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Publication numberUS3631320 A
Publication typeGrant
Publication dateDec 28, 1971
Filing dateJun 30, 1970
Priority dateJun 30, 1970
Publication numberUS 3631320 A, US 3631320A, US-A-3631320, US3631320 A, US3631320A
InventorsEckert William F
Original AssigneeEckert William F
Export CitationBiBTeX, EndNote, RefMan
External Links: USPTO, USPTO Assignment, Espacenet
Safety device for convenience-outlet connections
US 3631320 A
Abstract  available in
Previous page
Next page
Claims  available in
Description  (OCR text may contain errors)

United States Patent William F. Eckert 3521 Belfont Drive Ellicott C fiy, Md. 21043 51,035 7 June 30, 1970 Dec. 28, 1971 inventor Appl. No. Filed Patented SAFETY DEVICE FOR CONVENIENCE-OUTLET CONNECTIONS 6 Claims, 6 Drawing Figs.

u.s. Cl 317/9 R, 339/42 Int. Cl. H01r 13/44 Field of Search 339/277,

203,42,6l C,6l R, 60,94 13,40; 317/9R [56] References Cited UNITED STATES PATENTS 2,458,153 1/1949 Festge 339/42 3,210,717 10/1965 Brown 339/42 3,513,435 5/1970 Degaetano 339/42 3,209,305 9/1965 Bruckner et al. 339/61 C Primary Examiner-James D. Trammell Allorney.lohn F. McClellan, Sr.


' INVENTOR WILLIAM E ECKERT yflhemwtfi ATTORNEY SAFETY DEVICE FOR CONVENIENCE-OUTLET CONNECTIONS This invention relates generally to electrical devices and specifically to insulative means for application to ordinary household convenience outlet connections.

Modern housewiring reflects the increasing use of plugin appliances. Convenience outlets are no longer scarce and inaccessible, but instead are supplied at close intervals throughout every room. Frequent connection and disconnection is the rule. At the same time, adults and children are being exposed to greater hazards of burn and shock through the use of thin" two-prong plugs, which make it easy to touch both blades of a plug while it is partially inserted in a wall outlet or in the end of an extension cord. It is a common experience to find that receptacles on extension cords are too shallow to receive the full length of blades of a plug, causing continuous exposure of portions of hot" blades. Paper clips, bobbypins, and the like can cause fires when they fall across or are placed by young children across such exposed terminals.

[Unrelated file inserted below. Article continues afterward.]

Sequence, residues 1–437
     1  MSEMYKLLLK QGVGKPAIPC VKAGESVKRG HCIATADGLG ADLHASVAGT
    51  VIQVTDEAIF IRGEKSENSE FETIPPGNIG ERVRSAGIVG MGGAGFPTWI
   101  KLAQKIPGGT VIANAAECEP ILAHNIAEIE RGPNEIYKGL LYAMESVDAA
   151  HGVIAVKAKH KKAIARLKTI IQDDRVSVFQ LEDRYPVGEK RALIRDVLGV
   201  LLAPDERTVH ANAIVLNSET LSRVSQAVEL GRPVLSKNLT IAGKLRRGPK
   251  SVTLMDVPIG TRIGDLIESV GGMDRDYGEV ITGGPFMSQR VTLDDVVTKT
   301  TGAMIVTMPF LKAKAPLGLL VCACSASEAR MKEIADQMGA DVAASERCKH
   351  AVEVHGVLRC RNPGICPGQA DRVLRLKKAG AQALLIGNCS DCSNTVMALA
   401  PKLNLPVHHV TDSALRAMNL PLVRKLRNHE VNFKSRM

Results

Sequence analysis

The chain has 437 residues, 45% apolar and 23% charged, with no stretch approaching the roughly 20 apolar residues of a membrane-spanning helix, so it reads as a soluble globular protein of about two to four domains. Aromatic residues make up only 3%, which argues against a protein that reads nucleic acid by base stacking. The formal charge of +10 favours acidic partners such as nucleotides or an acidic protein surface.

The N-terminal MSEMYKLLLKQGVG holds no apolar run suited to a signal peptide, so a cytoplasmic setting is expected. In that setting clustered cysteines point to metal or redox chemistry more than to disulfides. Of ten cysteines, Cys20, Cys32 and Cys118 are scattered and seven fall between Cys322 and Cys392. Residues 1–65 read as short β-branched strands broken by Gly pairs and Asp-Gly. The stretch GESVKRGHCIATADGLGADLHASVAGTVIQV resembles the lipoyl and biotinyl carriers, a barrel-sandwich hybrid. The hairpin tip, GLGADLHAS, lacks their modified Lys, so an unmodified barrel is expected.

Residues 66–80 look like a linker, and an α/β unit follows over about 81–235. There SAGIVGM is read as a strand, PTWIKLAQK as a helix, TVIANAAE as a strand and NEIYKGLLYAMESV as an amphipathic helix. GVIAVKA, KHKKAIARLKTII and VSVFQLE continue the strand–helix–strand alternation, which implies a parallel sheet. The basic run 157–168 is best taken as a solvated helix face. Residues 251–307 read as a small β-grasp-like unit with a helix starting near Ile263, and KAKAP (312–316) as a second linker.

Spillage of conductive fluids such as salt water (including urine) and types of cleaning fluids onto exposed plugterminals can cause shock, explosion and fire.

Various means have been proposed in the prior art to eliminate these hazards, however they have been ineffective, unduly cumbersome, unsightly, expensive, or inconvenient to use.

It is a principal object of my invention to overcome all these difficulties and provide a safety device for insulating the blades of plugs connected with electrical convenience outlets which is safe, convenient, inconspicuous, cheap, easy to install, easy to use, adapted for use with various styles and sizes of convenience outlet connectors, and durable.

lembody these advantages typically in collapsing sleeves for fitting over the prongs or blades of electrical plugs, forming insulative combinations with outlet faces.

These and other advantages and objects of my invention will become apparent on examination of the following description and the drawings in which:

FIG. 1 is a side view of a plug-to-receptacle connection, partially in section, showing an embodiment of my invention in use;

FIG. 2 is a side detail of a plug-to-receptacle connection;

FIG. 3 is a side view of a plug-to-receptacle connection, partially in section, showing another embodiment of my invention in use;

FIG. 4 is a plan view of a plug-to-receptacle connection, partially in section, showing a further embodiment of my invention in use;

FlG. 5 is a side view of yet another embodiment of my invention; and